One night after Josh Beckett excited the Red Sox and their fanbase with a tremendous start against the Yankees, Daisuke Matsuzaka let the air out, single-handedly revitalizing a Tampa Bay offense that had spent the first nine games of the season at the bottom of the league.
How did Daisuke work his miracles? A steady diet of straight fastballs and hanging off-speed offerings, all of them right down the middle of the plate.
In the first inning this led to not only some uncharacteristically quick outs, but also a very quick home run off the bat of Johnny Damon, perhaps dividing the boos he had heard walking to the plate between himself and the man on the mound.
At least, though, that had provided outs. In the second inning, Matsuzaka decided to leave that part behind. Ben Zobrist's leadoff double started a chain of seven straight batters who would reach without recording an out, the sixth of whom--Sam Fuld--launched a two-run homer, capping off a six run inning to give the Rays a 7-0 lead.
With Tim Wakefield in the game, the scoring slowed down, but didn't stop. After adding another run in both the fourth and fifth innings, the Rays chased Wakefield from the game with a three-run sixth. Finally, the Rays were quieted temporarily, as Aceves picked up eight straight outs, striking out two men in the process.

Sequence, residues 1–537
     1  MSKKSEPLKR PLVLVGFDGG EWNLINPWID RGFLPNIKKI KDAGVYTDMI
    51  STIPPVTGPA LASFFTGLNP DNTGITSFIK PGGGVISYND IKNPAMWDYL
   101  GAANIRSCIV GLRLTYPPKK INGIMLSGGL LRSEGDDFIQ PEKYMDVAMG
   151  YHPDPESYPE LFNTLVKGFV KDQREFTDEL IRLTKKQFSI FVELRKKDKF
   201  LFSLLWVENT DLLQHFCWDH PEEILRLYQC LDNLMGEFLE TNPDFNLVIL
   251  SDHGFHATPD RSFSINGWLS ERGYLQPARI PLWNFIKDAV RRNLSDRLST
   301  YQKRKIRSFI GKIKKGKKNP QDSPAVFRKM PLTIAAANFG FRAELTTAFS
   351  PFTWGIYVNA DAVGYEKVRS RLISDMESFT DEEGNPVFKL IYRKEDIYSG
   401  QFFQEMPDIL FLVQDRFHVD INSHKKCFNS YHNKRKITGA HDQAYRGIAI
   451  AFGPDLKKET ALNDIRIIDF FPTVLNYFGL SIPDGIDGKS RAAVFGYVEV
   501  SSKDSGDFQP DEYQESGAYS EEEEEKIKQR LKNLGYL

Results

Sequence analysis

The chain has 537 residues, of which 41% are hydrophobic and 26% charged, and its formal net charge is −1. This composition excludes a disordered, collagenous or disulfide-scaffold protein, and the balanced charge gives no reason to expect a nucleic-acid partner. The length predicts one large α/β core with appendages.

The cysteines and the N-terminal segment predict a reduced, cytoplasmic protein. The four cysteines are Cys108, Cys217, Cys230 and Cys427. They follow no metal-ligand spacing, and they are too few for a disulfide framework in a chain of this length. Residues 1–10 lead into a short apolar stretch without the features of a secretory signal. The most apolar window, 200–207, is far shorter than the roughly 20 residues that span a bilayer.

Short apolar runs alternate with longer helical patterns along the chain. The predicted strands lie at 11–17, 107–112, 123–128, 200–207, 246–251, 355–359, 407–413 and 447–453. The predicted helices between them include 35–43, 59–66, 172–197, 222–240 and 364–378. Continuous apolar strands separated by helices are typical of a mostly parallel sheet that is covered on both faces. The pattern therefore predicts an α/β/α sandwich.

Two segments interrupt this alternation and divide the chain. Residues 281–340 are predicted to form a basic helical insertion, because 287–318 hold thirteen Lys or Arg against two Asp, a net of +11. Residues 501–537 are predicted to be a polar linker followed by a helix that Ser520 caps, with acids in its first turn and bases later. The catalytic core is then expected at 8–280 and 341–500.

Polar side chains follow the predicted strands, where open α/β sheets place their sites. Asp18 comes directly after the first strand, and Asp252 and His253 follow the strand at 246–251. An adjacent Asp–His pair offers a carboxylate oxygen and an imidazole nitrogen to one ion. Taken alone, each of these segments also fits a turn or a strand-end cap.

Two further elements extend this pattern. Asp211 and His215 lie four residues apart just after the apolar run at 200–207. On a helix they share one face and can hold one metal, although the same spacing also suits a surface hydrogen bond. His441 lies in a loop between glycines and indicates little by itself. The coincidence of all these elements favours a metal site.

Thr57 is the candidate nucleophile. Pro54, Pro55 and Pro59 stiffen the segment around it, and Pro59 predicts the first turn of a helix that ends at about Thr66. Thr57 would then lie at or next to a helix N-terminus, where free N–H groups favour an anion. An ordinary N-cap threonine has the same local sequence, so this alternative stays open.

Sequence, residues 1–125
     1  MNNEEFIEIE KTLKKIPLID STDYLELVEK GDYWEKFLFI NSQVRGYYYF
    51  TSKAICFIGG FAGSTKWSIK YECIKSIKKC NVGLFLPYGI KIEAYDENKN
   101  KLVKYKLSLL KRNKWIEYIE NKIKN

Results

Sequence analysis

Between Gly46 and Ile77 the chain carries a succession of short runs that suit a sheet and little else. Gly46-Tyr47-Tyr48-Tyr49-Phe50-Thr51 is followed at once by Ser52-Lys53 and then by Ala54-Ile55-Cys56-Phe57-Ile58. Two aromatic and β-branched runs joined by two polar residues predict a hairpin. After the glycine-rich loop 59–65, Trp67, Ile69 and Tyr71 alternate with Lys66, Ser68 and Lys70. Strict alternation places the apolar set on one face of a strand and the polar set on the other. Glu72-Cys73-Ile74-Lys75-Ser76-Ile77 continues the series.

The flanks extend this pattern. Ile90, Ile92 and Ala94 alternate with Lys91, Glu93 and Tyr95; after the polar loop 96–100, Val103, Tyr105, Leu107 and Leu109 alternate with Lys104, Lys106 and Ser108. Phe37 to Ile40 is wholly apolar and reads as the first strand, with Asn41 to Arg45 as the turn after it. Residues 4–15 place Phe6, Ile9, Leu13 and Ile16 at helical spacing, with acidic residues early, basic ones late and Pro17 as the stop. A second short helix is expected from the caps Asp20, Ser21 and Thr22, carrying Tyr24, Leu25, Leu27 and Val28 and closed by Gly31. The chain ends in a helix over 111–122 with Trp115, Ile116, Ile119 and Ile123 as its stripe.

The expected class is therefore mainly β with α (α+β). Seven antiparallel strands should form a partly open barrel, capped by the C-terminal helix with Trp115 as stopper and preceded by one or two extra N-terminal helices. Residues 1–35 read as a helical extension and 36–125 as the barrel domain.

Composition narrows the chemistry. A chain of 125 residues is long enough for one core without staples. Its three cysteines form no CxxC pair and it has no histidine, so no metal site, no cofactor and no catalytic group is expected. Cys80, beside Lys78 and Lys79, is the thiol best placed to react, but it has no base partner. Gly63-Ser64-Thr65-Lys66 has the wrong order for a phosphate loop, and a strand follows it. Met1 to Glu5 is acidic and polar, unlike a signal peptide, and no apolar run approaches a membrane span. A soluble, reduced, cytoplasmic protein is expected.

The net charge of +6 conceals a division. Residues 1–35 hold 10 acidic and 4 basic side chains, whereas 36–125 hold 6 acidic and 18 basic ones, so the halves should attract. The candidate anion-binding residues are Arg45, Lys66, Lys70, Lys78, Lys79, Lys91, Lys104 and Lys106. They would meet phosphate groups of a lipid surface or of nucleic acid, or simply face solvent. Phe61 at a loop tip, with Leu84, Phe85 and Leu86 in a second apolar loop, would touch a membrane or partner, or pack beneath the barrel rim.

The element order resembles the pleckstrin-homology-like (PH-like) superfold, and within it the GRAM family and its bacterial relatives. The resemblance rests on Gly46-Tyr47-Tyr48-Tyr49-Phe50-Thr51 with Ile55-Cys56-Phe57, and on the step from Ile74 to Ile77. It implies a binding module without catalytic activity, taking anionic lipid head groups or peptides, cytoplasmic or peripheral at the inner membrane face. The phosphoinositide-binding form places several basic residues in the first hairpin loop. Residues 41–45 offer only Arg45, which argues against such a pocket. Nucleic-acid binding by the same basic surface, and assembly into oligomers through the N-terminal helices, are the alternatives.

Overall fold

Offensively, the Sox almost had enough individual firepower to get back in the game, picking up ten hits and seven walks. Carl Crawford had two hits, Jacoby Ellsbury hit his second homer of the season, and the most unlikely combination of triples in the history of the game came off the bats of David Ortiz and Adrian Gonzalez. But once again it was a lack of timely hits that kept them to just five runs, stranding 11 men on 2-for-12 hitting with runners in scoring position. A four run explosion off ninth inning pitcher Dan Wheeler served only to add insult to injury.